Introduction: Prepare to Drill Metal : How to Use a Center Punch

This is one of those 101 topics that I feel could use some exposition so drilling holes in metal can be a confident, well-informed, and efficient experience.

A center punch is a tool with a pointed end that makes a dimple in your piece of material right where you intend to drill a hole. 

A center punch mark accomplishes two things:

- It gives a physical resting place for a drill bit so it stays right where you want your hole to be
- When you begin drilling, the recess of the dimple relieves pressure from the flat tip of the bit (the "chisel tip" or the "web".) This prevents bending, chipping, breaking.


- Consider center punching a REQUIREMENT for making holes in metal with drill bits
- Use a center punch for bits up to (arguably including) 1/2" in diameter.

For larger bits ( > 1/2"):
          - make a center punch
          - drill with a bit the size of your intended bit's chisel tip (this is called a "pilot hole")
          - drill with your intended bit.

For this demonstration, I'm drilling a hole in a piece of mild ("hardware store") steel. Well, in the interest of full disclosure, I'm making a corner bracket. :)

And, naturally, I did all deez workins at Techshop Detroit!

Step 1: Tools

Pictured here are my preferred tools for making center punch marks in metal.

L to R:

- Ball peen hammer
- Solid steel center punch

You may be familiar with the "hammerless", spring-loaded centerpunches. I don't generally like to use them with metal because you can't control the force of the blow - the spring exerts the same force every time - and because if/when the spring breaks, it's useless. I don't mind them for softer materials like wood... But this is how I like to get the job done.

A Ball peen hammer (notice the ball "peen" or face to the left) is a good all-purpose hammer for a metal shop. You're going to use the flat face to make blows on your center punch, which will inevitably mark up the face. Those marks will transfer to whatever softer material you hammer next so... dedicate this hammer for general mashing/banging/tool-hitting purposes. 

Step 2: Mark Your Material

A center punch has a fine point so it can get you great accuracy! Making a good center punch mark means you can be sure your hole will drill nicely before you've even drilled it.


Measure and mark as accurately as you require!

* A criticism of the example below is that those pen marks are very wide! I could make a sharper, more accurate mark with a scribe.

Step 3: Center Punchin' I : Choose Your Surface

So now we come to the Main Course. You'll see that this is a simple operation overall but it gets you thinking about how to use your tools well.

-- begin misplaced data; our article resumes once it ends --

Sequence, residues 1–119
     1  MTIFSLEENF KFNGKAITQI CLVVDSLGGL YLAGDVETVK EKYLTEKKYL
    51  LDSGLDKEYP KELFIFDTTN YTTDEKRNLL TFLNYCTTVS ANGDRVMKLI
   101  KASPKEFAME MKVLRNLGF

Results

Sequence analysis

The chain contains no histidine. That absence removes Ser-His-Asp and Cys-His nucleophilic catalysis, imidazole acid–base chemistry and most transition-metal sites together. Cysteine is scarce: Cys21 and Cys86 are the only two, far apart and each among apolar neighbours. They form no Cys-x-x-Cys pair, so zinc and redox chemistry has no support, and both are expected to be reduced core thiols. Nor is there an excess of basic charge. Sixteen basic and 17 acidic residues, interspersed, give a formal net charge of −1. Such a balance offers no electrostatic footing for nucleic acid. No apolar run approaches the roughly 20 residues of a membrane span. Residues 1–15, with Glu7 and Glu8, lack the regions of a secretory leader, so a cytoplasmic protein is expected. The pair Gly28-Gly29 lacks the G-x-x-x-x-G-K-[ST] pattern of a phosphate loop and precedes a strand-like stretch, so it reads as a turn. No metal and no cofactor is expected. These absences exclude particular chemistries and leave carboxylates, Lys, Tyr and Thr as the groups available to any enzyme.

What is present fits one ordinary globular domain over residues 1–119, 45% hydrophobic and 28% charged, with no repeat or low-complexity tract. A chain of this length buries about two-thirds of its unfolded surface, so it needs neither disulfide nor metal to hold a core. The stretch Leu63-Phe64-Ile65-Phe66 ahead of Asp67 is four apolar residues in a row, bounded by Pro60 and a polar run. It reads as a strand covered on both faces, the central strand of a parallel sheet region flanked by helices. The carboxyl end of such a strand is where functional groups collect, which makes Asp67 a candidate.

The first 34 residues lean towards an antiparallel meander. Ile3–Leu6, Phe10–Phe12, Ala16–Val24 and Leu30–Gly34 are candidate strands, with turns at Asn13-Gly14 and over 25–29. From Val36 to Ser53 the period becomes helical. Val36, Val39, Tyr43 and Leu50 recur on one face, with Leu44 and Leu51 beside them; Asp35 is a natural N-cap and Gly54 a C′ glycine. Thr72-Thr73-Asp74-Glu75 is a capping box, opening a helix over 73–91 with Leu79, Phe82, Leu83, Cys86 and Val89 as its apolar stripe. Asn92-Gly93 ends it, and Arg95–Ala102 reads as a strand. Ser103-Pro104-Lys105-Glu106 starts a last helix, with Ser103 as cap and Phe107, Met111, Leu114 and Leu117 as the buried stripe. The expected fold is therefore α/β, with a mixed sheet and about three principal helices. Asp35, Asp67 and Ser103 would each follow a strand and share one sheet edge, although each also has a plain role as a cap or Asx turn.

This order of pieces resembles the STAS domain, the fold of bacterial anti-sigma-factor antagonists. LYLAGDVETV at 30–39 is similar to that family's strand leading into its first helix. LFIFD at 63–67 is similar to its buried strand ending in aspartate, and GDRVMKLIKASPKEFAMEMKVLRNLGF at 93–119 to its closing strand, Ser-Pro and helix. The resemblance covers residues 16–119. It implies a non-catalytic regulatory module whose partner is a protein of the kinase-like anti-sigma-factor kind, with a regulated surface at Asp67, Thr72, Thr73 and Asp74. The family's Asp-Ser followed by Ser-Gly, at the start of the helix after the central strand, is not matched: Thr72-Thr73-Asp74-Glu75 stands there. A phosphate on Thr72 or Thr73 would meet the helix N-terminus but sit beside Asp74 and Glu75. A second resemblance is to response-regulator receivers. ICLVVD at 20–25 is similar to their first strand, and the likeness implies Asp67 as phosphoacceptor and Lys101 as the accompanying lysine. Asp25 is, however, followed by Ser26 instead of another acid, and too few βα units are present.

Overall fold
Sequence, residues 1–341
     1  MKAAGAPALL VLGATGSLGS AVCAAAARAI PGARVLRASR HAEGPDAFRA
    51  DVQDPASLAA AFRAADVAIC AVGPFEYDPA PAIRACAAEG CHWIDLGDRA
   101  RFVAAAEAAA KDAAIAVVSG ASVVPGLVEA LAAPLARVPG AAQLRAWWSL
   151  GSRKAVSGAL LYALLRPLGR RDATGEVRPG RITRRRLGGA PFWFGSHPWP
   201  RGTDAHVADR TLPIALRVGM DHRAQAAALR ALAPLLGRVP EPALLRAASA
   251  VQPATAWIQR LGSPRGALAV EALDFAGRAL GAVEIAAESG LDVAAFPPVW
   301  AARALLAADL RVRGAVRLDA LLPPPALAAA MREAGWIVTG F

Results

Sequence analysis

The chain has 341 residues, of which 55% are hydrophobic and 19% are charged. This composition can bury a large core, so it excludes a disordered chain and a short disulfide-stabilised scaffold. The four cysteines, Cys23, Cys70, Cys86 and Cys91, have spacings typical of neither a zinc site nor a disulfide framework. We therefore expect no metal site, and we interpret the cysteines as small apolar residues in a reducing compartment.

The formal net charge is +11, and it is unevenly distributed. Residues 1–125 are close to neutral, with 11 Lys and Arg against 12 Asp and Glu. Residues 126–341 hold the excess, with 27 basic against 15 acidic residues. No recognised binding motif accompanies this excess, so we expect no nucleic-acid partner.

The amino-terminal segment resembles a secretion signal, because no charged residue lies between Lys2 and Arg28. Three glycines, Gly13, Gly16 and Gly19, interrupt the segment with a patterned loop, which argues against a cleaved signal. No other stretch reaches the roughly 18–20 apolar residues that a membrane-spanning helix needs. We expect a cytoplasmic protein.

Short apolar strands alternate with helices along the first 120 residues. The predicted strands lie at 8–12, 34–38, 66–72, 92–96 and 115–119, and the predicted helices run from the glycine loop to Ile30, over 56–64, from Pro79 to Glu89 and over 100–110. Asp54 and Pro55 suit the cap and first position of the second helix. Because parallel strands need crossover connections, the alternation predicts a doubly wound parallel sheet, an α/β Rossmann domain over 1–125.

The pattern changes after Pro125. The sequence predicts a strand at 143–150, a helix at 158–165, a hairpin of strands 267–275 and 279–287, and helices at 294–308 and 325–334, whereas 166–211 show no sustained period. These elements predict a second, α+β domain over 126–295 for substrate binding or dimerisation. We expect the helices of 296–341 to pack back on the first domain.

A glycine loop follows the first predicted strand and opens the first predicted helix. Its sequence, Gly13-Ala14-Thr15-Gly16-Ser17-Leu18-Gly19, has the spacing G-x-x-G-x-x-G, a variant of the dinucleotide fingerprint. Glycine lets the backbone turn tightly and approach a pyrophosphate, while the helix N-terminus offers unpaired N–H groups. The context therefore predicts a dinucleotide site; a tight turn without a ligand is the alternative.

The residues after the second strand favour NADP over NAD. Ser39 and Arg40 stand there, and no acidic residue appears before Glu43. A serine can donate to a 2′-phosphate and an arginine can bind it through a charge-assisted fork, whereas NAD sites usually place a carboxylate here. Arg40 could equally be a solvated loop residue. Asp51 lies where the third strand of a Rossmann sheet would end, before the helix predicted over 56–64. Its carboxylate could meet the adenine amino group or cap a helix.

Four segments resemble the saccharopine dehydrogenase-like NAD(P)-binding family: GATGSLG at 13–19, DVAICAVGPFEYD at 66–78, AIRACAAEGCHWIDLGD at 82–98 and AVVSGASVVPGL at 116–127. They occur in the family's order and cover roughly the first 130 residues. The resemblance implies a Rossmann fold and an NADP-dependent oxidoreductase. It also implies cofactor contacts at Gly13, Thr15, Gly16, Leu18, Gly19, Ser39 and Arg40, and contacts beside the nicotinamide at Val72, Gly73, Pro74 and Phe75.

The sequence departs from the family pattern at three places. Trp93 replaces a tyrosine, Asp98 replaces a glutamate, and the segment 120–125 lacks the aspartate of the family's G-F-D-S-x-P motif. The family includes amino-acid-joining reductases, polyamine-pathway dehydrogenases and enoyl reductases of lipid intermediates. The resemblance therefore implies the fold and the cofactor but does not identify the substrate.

Find a strong surface to support your metal while you punch it. I used the anvil on a table vise; a normal anvil will do, as will a bench block (flat table-top anvil) or a sturdy, steel-topped table. I'd certainly get the job done working on a wooden bench, a stump, or even the shop floor, but this is a good habit to start:

"When you're looking to compress your material, support it with steel!"

For this process, "compressing" is driving the center punch into steel to make a ding. The hard steel anvil keeps the force of the blow right where you want it - in your material. Softer supports like stumps and hardwood stakes are good for forming material.

Keep all this in mind next time you go to strike a tool on steel [using a ball peen hammer]!

Step 4: Center Punchin' II : Do It!

Grab your hammer. Hold it low on the handle and WRAP YOUR THUMB AROUND! It's like you're making a fist but the hammer handle got in the middle.

Don't grip too tightly. The object here is for the hammer head to kind of "fall" straight down onto your work. Yep, I do mean even with a light blow. This hammering method is very accurate (the head falls nearly straight down from gravity) and the relaxed grip is much easier on your elbows in the long run. You can use this technique for all kinds of hammering.

So, like I was saying... Grab your hammer, touch the center punch point to your mark, and hold the tool straight up and down as you give the tool a good, solid blow. Tools tend to jump with rapid blows, so best to get a solid punch on the first try.

"My mark is a smidge off!" This is a tricky one, getting a new, functional punch mark *just this side* of an old one is unlikely. Chances are, the project you're working on will forgive a hole that's very slightly off. Using the off mark to make a small pilot hole and then finessing the larger bit over might repair some of it. But truth be told, if you need ultra accuracy, consider using a mill.

Step 5: Voila!

Center punch mark accomplished. Ready to register your bit in a drill press and make the cut entry better for your tools.